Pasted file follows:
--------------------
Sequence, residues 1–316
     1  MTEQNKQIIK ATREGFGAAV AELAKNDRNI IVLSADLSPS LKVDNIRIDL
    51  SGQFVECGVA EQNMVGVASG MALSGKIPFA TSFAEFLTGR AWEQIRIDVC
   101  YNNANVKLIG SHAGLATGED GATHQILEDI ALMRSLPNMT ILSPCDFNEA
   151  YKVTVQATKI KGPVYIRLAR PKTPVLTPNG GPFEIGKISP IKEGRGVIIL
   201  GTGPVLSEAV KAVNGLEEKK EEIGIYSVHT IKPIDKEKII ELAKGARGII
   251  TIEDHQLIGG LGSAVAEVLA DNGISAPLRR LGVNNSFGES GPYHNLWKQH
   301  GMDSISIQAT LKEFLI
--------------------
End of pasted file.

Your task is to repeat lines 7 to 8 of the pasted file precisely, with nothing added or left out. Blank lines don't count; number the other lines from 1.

   251  TIEDHQLIGG LGSAVAEVLA DNGISAPLRR LGVNNSFGES GPYHNLWKQH
   301  GMDSISIQAT LKEFLI